This summer, we did a lot of vacationing. We made it to Chincoteague and Cape May in July, and spent the last 3 weeks in Kansas, San Diego, and Los Angeles. That's more than the two to three weeks we typically take. The idea was that Ed and I would both work some during evenings and we would plan a few days where we could work in the afternoon. Ed's dad joined us for the California leg of the adventure.
Two things that enabled us to have a drawn out vacation this were (1) willing employers and (2) home exchanges. The first meant we could work on projects even though we weren't present in the office (and I was able to complete a quick-turnaround project and keep other projects moving forward) and the second meant that our costs were greatly reduced. This made the vacation easier in some respect - we knew we would be doing work so were geared up to do it, but it also meant that we didn't have a lot of down time at night to process the day. Next time, I'd like to talk my nieces into coming and playing with Connor and Helen for four hours each day while Ed and I both worked. That would make the evenings a lot lighter - and Connor and Helen would love to have Anna and Emily along. That probably won't happen, but a girl can dream, right?
One thing that I didn't think through well enough was Connor and Helen's perspective. From my perspective, being on vacation is fun and different. I can see things I don't normally see. I can connect with far away friends. In general, it's revitalizing. But Connor and Helen's life is different than mine. Essentially, their life thrives on rhythm and their life is a vacation. Every day they have the opportunity to explore parks and do the things they want. And every day is pretty darn secure. It starts with a predictable breakfast, continues with an established rhythm of inside and outside time, includes time at the pool, and then ends with a dinner they probably recognize and a bed they know is theirs (except Connor, who has routinely taken to sleeping beneath a plastic climbing structure we store in the basement playroom - his cozy nest, he calls it).
Vacation to Connor and Helen is disruptive. They sleep with each other, they face new culinary challenges, and eventually, they really have no idea what day it is and they start to get a little fritzy. By our last week of vacation, Helen was rapidly deteriorating. She didn't want to sleep with Connor, nobody every did anything she wanted, and she did NOT like the ocean (even though she would have a ball at the ocean once she arrived). I oscillated between thinking I should be really understanding and cutting her some slack and thinking I needed to be stricter to give her more structure. My instability did not help the situation. This is something I'm going to rethink before we do this next summer.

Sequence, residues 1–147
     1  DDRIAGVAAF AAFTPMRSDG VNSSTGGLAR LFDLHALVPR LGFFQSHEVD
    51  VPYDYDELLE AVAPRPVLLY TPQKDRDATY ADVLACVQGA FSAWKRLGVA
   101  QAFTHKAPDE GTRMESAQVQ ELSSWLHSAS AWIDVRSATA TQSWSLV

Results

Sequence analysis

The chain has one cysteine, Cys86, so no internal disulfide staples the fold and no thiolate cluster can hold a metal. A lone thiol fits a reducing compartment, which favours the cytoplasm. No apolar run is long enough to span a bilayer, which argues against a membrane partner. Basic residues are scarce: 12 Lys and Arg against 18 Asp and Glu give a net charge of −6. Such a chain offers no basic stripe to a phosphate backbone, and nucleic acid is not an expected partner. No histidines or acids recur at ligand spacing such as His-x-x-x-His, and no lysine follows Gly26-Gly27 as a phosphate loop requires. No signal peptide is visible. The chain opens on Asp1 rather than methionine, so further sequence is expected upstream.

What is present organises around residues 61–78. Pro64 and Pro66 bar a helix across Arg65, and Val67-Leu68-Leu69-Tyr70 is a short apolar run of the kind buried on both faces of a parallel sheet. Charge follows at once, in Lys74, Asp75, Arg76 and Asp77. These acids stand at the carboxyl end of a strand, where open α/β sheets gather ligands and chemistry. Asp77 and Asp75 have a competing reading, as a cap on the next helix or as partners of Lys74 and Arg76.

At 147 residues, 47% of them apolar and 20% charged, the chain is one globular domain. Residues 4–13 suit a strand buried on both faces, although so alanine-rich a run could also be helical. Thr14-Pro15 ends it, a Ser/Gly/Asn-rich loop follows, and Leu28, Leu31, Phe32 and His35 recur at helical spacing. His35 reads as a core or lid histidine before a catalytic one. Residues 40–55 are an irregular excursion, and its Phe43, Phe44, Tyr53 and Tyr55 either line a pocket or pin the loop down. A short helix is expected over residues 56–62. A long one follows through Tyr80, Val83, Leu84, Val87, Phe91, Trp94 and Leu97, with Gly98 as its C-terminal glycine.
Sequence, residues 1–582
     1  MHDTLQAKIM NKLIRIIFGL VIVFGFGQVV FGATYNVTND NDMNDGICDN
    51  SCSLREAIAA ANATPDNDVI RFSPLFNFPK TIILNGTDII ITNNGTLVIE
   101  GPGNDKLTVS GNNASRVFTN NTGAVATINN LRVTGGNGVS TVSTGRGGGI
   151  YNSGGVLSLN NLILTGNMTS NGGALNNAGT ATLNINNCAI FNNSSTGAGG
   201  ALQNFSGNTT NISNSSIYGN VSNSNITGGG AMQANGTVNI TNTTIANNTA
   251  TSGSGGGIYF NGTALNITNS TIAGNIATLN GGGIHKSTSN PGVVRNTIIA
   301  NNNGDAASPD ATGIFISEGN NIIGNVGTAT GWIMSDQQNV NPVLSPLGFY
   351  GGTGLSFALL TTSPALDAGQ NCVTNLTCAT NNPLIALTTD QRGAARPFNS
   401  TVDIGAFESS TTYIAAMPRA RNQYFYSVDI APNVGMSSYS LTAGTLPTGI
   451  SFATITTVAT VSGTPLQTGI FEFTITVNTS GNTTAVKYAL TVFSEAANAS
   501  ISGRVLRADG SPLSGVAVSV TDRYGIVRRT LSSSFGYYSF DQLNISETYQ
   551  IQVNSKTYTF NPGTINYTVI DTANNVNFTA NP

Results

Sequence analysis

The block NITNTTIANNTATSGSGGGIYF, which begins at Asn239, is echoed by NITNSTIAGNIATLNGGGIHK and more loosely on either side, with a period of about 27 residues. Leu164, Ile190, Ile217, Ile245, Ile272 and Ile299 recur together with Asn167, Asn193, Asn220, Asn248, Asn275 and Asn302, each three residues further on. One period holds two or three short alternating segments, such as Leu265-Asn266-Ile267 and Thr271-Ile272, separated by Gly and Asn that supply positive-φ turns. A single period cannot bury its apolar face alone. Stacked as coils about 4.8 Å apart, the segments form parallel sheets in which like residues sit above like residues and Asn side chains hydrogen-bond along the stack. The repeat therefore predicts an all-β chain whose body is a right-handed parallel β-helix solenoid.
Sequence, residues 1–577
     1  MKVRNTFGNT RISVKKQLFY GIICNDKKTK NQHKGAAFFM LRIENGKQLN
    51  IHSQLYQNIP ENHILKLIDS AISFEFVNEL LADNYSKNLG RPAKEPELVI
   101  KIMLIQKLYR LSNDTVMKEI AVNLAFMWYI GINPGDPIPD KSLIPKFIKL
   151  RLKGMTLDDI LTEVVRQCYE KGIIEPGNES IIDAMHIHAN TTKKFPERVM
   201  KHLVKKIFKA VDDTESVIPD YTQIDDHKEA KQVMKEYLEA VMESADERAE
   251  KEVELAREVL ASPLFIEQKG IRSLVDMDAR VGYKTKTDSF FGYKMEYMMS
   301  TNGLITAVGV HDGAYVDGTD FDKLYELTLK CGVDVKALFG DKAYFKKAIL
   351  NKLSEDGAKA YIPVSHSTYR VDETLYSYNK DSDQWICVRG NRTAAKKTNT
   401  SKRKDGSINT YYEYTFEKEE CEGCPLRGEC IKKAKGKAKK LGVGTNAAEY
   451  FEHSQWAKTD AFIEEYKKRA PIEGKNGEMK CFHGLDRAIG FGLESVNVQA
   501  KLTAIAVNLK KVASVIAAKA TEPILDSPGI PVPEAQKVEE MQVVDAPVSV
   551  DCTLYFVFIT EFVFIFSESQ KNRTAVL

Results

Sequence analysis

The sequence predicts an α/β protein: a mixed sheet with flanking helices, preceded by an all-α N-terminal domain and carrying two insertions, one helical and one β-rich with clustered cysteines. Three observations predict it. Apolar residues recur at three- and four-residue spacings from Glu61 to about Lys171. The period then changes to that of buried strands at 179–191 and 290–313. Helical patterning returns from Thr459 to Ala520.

Connor was a trooper. More than once, he commented that he had the best day of his life, and he really soaked up many of the experiences. Caution, though, is the theme of the day with Connor. On our last full day in California, we went to Abalone Cove in Palos Verdes. The scenery was just what you'd expect in California, and stunning. What we did not expect was the rather steep hike down to the beach - and the sign that warned of rattlesnakes. Ed thought Connor might refuse to go down the hill, but a casual discussion about how it was hot and rattlesnakes were probably hiding in whatever shady spot they could find off the trail seemed to keep him in motion. I have no idea if that's true about rattlesnakes, but it seemed reasonable and after the car ride we took to get to the beach, there was nothing that was going to stop us from actually stepping foot on it!
It was our lucky day, because as we headed off from the beach, we stopped at the Redondo Beach pier and walked into a restaurant that was serving clams and fries for half price. That is Helen and Connor's favorite meal. Ed and I were treated to half price salmon, raw oysters (which were disappointingly not very salty - no oyster beats Chincoteague!), and nut encrusted brie, along with half price drinks. We sat watching stingrays and schools of large fish swim beneath a pier that we had nearly to ourselves. Outdoor dining at its finest.
On our first morning back, Helen slept until 10:15 when I sent the babysitter up to wake her. I think Helen was really happy to be home.